Today the states of Michigan and North Dakota will vote on whether or not to legalize recreational marijuana. And not only would they legalize cannabis, they would also institute some of the lowest taxes in the entire country.
Michigan and North Dakota's ballot initiatives would institute the lowest taxes on legal recreational marijuana in the entire country. Michigan's initiative would institute a six percent sales tax and a 10 percent excise tax on cannabis, while North Dakota's initiative would institute only a five percent tax on marijuana products. Even if local governments institute their own taxes, Michigan and North Dakota would be far, far below other legal states such as Washington or California where cannabis consumers pay over 40 percent in taxes on marijuana.
This isn't actually too surprising. Many have noted that since the first few states legalized recreational marijuana, subsequent legalized states have imposed lower taxes after seeing the complaints from earlier efforts. But North Dakota and Michigan are still pretty surprising.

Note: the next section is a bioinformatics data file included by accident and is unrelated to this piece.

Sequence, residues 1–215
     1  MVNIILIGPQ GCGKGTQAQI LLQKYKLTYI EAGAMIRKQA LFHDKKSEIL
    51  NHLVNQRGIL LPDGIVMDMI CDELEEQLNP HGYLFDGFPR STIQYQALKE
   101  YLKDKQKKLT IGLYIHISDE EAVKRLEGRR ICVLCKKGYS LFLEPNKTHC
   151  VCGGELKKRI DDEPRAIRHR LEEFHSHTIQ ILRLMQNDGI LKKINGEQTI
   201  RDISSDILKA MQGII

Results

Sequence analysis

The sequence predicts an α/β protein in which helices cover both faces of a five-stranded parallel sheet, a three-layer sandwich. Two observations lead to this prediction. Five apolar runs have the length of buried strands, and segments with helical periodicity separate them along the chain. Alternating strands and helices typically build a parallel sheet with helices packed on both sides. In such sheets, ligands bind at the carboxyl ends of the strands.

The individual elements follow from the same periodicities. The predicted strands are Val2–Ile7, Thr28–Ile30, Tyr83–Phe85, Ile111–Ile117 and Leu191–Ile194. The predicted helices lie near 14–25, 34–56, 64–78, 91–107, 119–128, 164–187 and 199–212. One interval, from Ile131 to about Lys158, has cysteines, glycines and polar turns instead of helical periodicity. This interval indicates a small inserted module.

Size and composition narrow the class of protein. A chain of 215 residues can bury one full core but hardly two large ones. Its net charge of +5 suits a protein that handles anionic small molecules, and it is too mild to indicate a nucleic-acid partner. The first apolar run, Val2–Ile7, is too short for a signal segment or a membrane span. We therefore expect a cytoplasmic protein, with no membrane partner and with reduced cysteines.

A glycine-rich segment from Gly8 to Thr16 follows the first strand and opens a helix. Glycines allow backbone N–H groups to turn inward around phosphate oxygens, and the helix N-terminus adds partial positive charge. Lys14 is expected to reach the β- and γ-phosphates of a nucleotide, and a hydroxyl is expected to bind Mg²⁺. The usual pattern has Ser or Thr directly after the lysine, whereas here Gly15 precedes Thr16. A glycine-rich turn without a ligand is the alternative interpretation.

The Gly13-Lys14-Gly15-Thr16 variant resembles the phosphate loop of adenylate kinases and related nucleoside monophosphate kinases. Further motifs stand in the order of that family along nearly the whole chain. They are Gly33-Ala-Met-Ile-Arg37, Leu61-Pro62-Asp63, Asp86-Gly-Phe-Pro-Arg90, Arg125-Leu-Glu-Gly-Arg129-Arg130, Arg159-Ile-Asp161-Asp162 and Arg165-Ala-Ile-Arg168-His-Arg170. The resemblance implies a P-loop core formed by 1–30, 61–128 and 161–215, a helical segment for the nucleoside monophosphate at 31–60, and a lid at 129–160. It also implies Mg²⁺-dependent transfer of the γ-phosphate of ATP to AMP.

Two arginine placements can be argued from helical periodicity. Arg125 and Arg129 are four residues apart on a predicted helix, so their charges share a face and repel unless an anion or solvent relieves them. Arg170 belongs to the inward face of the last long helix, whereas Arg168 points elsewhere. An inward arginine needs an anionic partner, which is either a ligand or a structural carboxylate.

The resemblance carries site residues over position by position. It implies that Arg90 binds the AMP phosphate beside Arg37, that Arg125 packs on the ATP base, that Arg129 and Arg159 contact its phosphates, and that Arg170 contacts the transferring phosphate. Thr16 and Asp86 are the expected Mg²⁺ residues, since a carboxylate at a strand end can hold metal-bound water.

Some have wondered if these low taxes could actually hurt the chances these initiatives succeed, particularly in North Dakota. Some believe the North Dakota initiative is too vague and doesn't lay out a clear enough regulatory framework, and that the costs for the government may be greater than North Dakotans want. And low cannabis taxes also make it hard to argue that legalizing marijuana will help raise revenues for state governments, particularly since marijuana taxes make up such as small percentage of state revenues even in places with high taxes.
But if both of these states do pass their initiatives, they will easily become the most attractive places to buy marijuana in the country.